Maximum scrutiny needed to stop infrastructure disasters

The consequences of poorly executed public infrastructure can be deadly but there is a way forward, says Transparency International’s Claire Martin.

Neglect, corruption and mafia infiltration: the Genoa bridge collapse shines spotlight on Italy’s woeful infrastructure’; ‘The shame of Sichuan’s tofu schools’; ‘The never-ending story: how BER airport became the laughing stock of Berlin’.

Newspaper headlines from around the world, year in, year out, point to the sometimes deadly consequences of poorly executed public infrastructure.

At the same time, a rapidly expanding global population coupled with extensive rural to urban migration is triggering massive demand for infrastructure investment.

Some estimates place required investment at as much as $94trn by 2040.

Infrastructure procurement has long been seen to pose particular risks owing to the very nature of the schemes – complex contractual structures, numerous project phases,

the sheer size, uniqueness and complexity of projects and an overall lack of transparency in the industry.

These aspects contribute to an environment in which irregularities such as bribery, extortion and fraud can be difficult to prevent or detect.

It is essential that public infrastructure delivers value for money, is of high quality and safe, and corresponding investments need to be subject to intensive scrutiny throughout.

Working together with civil society partners from the Open Contracting Partnership, the Infrastructure Transparency Initiative, Hivos and Article 19, Transparency International has co-launched the Clean Contracting Manifesto, which sets out a vision for maximising scrutiny.

Drawing on our combined work around the world, this envisages five core pillars.

Fully open data at all stages of the public procurement process is the bedrock of increased scrutiny.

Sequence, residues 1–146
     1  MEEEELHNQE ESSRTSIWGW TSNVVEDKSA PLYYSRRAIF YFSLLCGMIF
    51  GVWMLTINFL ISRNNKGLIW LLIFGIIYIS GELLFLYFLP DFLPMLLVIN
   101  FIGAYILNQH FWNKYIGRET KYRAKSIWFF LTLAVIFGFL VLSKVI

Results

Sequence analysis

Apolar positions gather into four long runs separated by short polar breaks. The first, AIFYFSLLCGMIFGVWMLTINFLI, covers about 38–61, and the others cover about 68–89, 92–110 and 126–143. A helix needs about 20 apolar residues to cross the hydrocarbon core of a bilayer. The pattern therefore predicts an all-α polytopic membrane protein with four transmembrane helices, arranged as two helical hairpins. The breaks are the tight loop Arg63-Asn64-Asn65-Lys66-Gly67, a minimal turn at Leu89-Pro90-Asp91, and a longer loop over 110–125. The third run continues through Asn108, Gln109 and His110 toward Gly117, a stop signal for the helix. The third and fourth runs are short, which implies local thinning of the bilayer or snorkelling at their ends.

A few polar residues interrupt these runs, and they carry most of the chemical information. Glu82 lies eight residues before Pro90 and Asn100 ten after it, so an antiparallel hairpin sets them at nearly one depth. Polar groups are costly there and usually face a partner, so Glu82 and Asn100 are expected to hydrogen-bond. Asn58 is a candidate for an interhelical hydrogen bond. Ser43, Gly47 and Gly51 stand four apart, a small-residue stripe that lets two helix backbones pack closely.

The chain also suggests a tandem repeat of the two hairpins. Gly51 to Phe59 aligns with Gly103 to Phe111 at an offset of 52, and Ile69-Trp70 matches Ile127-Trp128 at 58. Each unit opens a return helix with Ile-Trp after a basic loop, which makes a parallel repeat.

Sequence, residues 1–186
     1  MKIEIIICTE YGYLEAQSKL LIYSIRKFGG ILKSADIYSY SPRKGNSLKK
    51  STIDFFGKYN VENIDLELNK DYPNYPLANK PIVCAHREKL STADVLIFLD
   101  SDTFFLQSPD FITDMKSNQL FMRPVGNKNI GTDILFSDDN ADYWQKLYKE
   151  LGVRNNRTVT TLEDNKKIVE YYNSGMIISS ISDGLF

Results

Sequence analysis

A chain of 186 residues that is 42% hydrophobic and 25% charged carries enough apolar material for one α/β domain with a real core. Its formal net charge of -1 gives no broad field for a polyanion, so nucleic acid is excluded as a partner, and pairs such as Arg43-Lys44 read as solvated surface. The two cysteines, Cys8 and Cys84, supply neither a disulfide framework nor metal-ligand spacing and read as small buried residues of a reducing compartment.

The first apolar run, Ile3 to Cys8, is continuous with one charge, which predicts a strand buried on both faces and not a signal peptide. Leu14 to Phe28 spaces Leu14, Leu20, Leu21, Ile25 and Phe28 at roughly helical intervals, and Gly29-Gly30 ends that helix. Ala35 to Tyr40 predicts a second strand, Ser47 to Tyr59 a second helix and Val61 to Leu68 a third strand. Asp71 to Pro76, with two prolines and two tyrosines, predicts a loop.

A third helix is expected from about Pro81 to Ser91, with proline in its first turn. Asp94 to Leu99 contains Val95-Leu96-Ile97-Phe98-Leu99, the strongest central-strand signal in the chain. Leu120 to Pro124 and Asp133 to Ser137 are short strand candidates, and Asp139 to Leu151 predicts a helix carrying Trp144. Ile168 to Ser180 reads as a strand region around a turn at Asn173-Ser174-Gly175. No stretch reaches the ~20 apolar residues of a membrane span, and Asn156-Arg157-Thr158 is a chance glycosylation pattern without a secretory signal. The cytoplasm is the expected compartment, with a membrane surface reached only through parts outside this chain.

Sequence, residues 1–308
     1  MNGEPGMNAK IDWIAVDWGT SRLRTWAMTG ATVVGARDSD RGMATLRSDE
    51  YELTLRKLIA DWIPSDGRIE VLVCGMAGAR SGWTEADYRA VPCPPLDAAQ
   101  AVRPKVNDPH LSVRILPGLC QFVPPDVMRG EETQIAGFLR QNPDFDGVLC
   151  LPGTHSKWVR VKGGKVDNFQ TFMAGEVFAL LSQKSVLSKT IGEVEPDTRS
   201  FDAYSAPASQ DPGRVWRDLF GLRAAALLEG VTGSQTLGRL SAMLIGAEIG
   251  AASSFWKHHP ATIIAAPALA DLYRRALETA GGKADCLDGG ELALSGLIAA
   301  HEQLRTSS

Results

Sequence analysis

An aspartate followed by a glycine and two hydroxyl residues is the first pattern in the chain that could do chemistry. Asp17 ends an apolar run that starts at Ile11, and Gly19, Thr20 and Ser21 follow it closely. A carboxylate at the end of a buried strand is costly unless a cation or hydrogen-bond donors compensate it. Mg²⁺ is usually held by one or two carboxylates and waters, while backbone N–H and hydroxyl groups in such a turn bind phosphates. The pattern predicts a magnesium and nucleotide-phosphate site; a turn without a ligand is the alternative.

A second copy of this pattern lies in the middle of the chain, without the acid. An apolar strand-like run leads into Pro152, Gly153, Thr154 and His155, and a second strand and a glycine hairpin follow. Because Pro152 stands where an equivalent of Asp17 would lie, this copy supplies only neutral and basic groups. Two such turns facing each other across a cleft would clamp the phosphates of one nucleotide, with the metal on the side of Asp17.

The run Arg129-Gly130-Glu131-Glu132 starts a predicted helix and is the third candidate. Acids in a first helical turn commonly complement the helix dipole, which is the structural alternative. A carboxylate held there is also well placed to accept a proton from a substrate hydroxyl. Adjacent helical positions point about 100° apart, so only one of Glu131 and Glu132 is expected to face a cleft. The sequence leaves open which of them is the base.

By allowing in-depth fact finding and the analysis of relationships across large quantities of data, potential problems are easier to spot.

For example, Transparency International’s Slovakia chapter showed how a Slovak hospital paid twice as much for the same CT scanner as a Czech hospital.

The second key pillar is independent civil society monitoring of specific projects.

Tools such as the Integrity Pact are essential to building trust and cooperation between civil society, public officials and bidders committed to preventing corruption in public contracting.

Currently 17 Integrity Pacts are being trialled across the EU and a model pact focusing on infrastructure is being developed.

There must also be effective and meaningful participation by affected communities in all phases of the public procurement process to both meet their needs and broaden the group of people motivated to identify irregularities.

Civil society must have the resources and expertise to engage with the public and private sectors to advance an accountable public procurement system.

It should not be hampered by laws that restrict its ability to promote the public interest.

In addition, there is a need for independent, high-quality investigative journalism capable of investigating potential corruption.

The reach of such an approach is immense.

In Ukraine, as of January 2018, 22 civil society organisations were actively monitoring procurement, using an online platform built on open data to find over 5,000 cases of suspicious activity in the previous six months.

To maintain such a level of scrutiny, sanctions must be put in place and effectively implemented, which will both deter misbehaviour and encourage efforts to reveal it.

If we don’t want to read more devastating headlines, we need to find ways to involve a broader group of people in scrutinising spending.

The Clean Contracting Manifesto sets out a vision for how to achieve this.

This is a news article curated and replicated from the Public Finance International